TIMP-1 TIMP-2 TIMP-3 TIMP-4

Data are presented as densitometric (arbitrary) units (meanFSEM). NDnot detected in that fraction. * p b0.05 young vs. middle-aged or old. y p b0.05 middle-aged vs. old.

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Fig. 2. Summary of matrix metalloproteinase (MMP) and tissue inhibitor of matrix metalloproteinase (TIMP) changes with aging. Four types of changes occurred: (1) progressive change from young to middle-aged to old groups; (2) change from young to middle-aged and old groups but not between middle-aged and old groups; (3) change only in old group; or (4) change in one direction between young and middle-aged groups then a reverse in direction between middleaged and old groups. z increased; A decreased; NCno change; NDnot detected.

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MMP and TIMP levels from each fraction were compared to young levels (Table 4). MMP-7, MMP-13, TIMP-1, and TIMP-2 were detected in the soluble fraction only. MMP-2, MMP-7, TIMP-2, and TIMP-4 levels were not changed between the young and MA or old groups. In the soluble fraction, MMP-3, MMP-9, MMP-12, MMP-13, MMP-14, and TIMP-1 levels decreased in the MA group. Soluble MMP-3, MMP-12, MMP-13, and MMP-14 levels remained decreased in the old group. In the insoluble fraction, MMP-3 levels increased and MMP-9 levels decreased in the MA group. MMP-3, MMP-8, and MMP-14 levels were increased, while TIMP-3 levels were decreased in the insoluble fraction of the old group. MMP and TIMP levels in the old group were also compared to MA levels (Table 4). MMP-2, MMP-7, TIMP1, and TIMP-2 were not different between the MA and old groups. In the soluble fraction of the old group, MMP-3, MMP-12, and MMP-13 levels decreased, and MMP-14 levels increased. In the insoluble fraction of the old group, MMP-3, MMP-8, MMP-9, MMP-12, and MMP-14 levels increased, and the levels of TIMP-3 and TIMP-4 decreased. Changes between the groups are summarized and characterized in Fig. 2.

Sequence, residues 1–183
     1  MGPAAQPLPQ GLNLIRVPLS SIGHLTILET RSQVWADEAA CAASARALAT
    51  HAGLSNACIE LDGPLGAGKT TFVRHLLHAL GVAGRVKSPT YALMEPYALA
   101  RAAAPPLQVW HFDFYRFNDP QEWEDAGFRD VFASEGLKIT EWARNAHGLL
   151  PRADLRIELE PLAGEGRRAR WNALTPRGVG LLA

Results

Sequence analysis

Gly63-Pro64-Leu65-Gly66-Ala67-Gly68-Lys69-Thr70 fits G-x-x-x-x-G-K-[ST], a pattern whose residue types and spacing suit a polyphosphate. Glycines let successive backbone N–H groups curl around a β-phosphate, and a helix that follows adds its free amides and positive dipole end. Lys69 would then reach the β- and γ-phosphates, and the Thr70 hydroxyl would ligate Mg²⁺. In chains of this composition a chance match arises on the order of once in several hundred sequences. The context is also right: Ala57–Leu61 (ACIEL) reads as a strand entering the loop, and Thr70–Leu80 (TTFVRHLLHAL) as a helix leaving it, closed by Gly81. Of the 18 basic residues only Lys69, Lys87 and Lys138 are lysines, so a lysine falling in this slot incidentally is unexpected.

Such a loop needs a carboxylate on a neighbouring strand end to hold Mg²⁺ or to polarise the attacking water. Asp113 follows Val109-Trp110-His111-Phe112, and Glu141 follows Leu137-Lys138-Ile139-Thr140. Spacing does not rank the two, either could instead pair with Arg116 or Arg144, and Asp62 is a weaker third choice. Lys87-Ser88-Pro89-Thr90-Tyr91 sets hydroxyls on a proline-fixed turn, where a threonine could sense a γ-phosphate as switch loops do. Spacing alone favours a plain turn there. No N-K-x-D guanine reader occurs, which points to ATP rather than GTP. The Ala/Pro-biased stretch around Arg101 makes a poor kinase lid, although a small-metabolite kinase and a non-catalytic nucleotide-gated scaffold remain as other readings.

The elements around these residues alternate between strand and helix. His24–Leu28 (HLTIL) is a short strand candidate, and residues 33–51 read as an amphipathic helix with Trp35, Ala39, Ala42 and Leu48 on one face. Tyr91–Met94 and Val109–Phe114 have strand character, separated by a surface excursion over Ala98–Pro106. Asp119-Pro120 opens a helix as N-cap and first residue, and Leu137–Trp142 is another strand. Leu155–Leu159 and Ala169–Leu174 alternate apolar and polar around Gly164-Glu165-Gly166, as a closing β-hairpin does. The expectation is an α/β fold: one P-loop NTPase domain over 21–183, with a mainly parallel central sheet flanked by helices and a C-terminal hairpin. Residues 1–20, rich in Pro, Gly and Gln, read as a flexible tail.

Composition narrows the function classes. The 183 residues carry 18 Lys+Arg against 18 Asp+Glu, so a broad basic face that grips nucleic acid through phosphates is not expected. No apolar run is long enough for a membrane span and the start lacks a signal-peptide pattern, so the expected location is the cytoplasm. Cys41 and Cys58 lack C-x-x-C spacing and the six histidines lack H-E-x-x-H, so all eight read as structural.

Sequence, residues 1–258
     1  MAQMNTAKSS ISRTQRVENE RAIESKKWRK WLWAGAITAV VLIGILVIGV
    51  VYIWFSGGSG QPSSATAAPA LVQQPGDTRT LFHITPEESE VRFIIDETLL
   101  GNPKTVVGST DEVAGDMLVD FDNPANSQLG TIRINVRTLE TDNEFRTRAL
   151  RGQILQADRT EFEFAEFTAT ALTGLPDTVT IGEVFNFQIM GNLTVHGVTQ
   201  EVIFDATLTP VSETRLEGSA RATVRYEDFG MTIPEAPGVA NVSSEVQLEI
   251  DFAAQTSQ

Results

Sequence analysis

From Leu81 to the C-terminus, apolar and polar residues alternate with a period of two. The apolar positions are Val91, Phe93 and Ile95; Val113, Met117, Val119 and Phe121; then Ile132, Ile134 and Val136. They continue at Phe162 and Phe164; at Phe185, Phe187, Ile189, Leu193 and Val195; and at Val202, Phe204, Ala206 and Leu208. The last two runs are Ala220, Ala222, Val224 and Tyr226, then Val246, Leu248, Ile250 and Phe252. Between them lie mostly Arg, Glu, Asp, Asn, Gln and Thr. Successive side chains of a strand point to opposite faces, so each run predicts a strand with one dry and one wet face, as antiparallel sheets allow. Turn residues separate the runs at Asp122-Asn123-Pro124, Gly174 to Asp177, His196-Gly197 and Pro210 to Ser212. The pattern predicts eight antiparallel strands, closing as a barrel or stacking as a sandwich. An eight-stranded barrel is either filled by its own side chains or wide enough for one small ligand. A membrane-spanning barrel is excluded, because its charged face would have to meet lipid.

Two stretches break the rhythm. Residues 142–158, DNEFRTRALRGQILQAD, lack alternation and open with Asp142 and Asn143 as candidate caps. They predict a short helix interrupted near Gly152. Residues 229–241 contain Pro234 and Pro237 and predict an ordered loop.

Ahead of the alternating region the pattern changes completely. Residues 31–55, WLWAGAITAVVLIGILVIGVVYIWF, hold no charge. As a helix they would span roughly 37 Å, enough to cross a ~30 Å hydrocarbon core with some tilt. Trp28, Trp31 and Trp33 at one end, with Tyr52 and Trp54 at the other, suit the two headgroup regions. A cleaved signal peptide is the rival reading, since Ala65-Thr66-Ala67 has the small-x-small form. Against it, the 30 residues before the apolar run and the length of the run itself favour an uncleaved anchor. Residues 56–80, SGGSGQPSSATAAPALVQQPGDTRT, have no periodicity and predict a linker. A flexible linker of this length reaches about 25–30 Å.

3.4. Effect of aging on cell numbers in vivo Levels of Mac-3, a macrophage marker, were not different between the groups, suggesting that increased MMP levels were not due to increased macrophage numbers. Levels of DDR2, a fibroblast marker, decreased in the MA and old groups to 64F13% and 74F8% of young levels, respectively ( p b0.05 for both). 3.5. Effect of aging on fibroblast function and MMP-9 expression Fibroblasts are the principal cell regulators of ECM turnover. Given the changes in collagen, MMP, and TIMP levels, we characterized the age-related fibroblast phenotype. We successfully established primary cultures from 58 of the 63 LV samples used for fibroblast isolation. Of the five samples that did not establish, all were from young LV

Fig. 3. Fibroblasts isolated from old (n =13) mice displayed lower proliferative capacity compared to fibroblasts isolated from young (n =19) and middle-aged (n =14) mice (*p b0.05 for young vs. old and yp b0.05 for middle-aged vs. old).